The cells may then produce enormous amounts of human serum albumin without having to remove it from human blood.

In one of the MMR vaccines used in the UK, recombinant albumin may be used as a stabiliser in very small doses (MMRVaxPro).

Egg protein

Is it safe?

The MMR vaccine is safe for children and adults who have a severe egg allergy.

Adults and children with an egg allergy should eat either:

  • A flu vaccination that isn’t inactivated with eggs.
  • A vaccination that contains very little egg protein (ovalbumin).

The egg protein level of the live nasal spray flu vaccine for children is quite low. It is safe to give to youngsters who are allergic to eggs.

Children and adults who have had a severe allergic reaction to eggs in the past may be advised to have their flu vaccine in a hospital setting.

What is it?

In the UK, there are two vaccines that contain minor amounts of egg protein in the normal schedule:

  • The flu vaccine is made from hens’ eggs. It has the potential to cause an allergic reaction in persons who are allergic to eggs.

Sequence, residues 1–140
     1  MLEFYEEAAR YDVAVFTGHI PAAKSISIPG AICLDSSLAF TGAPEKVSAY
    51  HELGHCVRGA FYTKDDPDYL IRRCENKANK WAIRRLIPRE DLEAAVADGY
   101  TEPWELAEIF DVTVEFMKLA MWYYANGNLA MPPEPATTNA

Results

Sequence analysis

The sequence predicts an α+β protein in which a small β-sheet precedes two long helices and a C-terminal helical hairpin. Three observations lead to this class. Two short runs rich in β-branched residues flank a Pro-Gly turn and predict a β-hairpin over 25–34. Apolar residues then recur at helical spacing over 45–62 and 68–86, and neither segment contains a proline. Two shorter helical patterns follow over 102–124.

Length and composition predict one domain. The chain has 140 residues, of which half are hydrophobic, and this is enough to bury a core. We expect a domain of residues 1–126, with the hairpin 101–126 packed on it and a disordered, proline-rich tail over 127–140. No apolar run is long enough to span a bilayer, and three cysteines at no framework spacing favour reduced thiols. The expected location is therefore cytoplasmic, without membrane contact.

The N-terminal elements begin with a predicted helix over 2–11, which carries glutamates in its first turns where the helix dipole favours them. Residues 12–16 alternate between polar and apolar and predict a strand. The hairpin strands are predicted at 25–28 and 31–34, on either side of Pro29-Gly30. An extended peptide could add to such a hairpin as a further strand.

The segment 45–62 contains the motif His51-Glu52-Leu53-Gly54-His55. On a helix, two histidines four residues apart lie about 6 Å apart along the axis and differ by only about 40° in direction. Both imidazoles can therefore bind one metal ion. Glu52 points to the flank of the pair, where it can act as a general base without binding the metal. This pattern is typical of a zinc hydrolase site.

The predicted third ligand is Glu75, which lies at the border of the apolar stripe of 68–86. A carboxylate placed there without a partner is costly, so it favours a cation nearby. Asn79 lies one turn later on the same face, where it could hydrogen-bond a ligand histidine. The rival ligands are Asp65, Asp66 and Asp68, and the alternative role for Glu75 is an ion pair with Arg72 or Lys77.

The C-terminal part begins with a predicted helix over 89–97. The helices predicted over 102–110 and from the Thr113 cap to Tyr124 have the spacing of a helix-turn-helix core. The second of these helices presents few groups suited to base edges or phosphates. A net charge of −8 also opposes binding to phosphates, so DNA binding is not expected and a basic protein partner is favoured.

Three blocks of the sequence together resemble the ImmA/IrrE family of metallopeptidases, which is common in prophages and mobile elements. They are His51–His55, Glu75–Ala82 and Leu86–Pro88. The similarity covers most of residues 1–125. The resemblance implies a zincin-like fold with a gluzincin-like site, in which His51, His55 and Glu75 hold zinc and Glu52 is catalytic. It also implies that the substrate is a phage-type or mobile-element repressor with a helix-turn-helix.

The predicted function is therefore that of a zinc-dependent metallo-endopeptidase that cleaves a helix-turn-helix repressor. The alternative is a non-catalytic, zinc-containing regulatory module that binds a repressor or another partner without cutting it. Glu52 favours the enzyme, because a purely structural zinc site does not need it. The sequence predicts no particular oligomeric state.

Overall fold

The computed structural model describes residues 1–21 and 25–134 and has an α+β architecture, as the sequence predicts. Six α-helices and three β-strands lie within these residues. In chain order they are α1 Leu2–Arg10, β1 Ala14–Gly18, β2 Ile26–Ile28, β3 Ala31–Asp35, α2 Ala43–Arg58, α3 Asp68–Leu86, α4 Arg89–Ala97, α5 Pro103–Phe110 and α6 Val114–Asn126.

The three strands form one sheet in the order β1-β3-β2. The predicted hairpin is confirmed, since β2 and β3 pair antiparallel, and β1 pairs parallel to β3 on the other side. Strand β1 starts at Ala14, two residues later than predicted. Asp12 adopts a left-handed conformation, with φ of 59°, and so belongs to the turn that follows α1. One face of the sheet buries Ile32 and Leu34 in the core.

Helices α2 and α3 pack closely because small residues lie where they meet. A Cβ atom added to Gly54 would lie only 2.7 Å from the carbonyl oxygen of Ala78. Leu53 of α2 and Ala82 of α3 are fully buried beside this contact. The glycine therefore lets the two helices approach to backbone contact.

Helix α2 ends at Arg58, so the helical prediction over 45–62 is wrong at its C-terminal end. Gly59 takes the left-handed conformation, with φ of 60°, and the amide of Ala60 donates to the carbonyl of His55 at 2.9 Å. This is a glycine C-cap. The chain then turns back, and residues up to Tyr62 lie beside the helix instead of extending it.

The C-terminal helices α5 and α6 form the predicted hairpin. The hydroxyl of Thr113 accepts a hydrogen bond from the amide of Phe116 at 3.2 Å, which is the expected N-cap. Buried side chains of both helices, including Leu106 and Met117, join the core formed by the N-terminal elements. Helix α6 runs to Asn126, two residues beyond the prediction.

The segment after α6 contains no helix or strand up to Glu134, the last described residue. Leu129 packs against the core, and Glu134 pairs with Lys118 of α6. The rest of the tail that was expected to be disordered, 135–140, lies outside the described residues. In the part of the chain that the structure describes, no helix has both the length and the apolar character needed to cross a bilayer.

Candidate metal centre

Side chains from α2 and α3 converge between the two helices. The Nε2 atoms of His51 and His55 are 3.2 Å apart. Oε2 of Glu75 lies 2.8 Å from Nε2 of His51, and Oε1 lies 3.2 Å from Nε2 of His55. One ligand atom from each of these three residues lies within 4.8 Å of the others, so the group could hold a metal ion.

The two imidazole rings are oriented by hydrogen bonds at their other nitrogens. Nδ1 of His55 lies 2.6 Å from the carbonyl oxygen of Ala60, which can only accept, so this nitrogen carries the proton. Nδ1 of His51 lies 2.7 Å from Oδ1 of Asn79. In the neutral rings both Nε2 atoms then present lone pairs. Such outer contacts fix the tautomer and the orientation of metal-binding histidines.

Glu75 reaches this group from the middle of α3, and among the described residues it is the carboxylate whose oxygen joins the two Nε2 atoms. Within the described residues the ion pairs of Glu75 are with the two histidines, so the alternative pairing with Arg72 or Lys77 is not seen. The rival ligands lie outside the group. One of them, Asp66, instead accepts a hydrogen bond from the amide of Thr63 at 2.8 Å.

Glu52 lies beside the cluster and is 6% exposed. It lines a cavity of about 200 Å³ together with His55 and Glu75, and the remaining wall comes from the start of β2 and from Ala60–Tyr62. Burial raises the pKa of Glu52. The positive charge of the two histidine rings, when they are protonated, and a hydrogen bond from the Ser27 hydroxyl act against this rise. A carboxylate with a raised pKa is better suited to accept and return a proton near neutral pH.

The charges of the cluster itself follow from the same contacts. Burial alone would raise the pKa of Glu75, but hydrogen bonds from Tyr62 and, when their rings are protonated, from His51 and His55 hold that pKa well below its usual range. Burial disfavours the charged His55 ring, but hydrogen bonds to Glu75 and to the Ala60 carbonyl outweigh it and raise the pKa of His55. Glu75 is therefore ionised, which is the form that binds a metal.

• The MMR vaccination is made using cells derived from chick embryos, which are not the same as hens’ eggs. This indicates that it does not cause an allergic reaction.

Formaldehyde

Is it safe?

Formaldehyde is naturally present in the human bloodstream at amounts significantly higher than those seen in vaccines.

Although formaldehyde can be hazardous in high doses, the minuscule amounts contained in vaccines pose no health risk.

What is it?

Formaldehyde is a chemical that is also used to make lethal vaccinations. It’s utilised early on in the production process to eliminate or inactivate bacterial or viral toxins.

The formaldehyde is diluted out after the antigens have been inactivated. It’s likely that traces of the substance will remain in the finished vaccine.

Antibiotics

Is it safe?

Before getting a vaccine, tell your doctor or practice nurse if you’re allergic to neomycin or any other antibiotic.

Antibiotics that have been linked to adverse reactions, such as penicillin, are rarely used in vaccines.

However, minute amounts of the antibiotic neomycin, which can cause an allergic reaction, can be detected in:

  • The measles, mumps, and rubella vaccine
  • 6-in-1 vaccine
  • Inactivated quadrivalent flu vaccine
  • Repevax is a 4-in-1 pre-school booster vaccination.
  • Vaccination for shingles

What are they?

Antibiotics are included in some vaccines to prevent bacteria from growing during the vaccine’s manufacture and storage.

Antibiotics are present in the finished vaccine at trace levels.

The electronic medicines compendium (EMC) website has a complete list of all vaccine components.